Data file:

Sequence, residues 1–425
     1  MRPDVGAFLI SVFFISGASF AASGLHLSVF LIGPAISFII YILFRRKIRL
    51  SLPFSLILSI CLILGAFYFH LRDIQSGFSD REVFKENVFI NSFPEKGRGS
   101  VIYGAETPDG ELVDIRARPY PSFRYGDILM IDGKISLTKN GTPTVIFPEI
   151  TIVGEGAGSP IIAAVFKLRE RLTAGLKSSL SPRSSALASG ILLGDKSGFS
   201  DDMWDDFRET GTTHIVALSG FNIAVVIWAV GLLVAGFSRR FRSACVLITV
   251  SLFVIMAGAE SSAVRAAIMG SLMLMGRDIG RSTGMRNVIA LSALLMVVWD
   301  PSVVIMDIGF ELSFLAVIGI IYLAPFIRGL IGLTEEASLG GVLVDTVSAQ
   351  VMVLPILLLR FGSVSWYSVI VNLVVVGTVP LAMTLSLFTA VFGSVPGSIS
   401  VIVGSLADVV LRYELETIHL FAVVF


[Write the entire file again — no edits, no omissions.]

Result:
Sequence, residues 1–425
     1  MRPDVGAFLI SVFFISGASF AASGLHLSVF LIGPAISFII YILFRRKIRL
    51  SLPFSLILSI CLILGAFYFH LRDIQSGFSD REVFKENVFI NSFPEKGRGS
   101  VIYGAETPDG ELVDIRARPY PSFRYGDILM IDGKISLTKN GTPTVIFPEI
   151  TIVGEGAGSP IIAAVFKLRE RLTAGLKSSL SPRSSALASG ILLGDKSGFS
   201  DDMWDDFRET GTTHIVALSG FNIAVVIWAV GLLVAGFSRR FRSACVLITV
   251  SLFVIMAGAE SSAVRAAIMG SLMLMGRDIG RSTGMRNVIA LSALLMVVWD
   301  PSVVIMDIGF ELSFLAVIGI IYLAPFIRGL IGLTEEASLG GVLVDTVSAQ
   351  VMVLPILLLR FGSVSWYSVI VNLVVVGTVP LAMTLSLFTA VFGSVPGSIS
   401  VIVGSLADVV LRYELETIHL FAVVF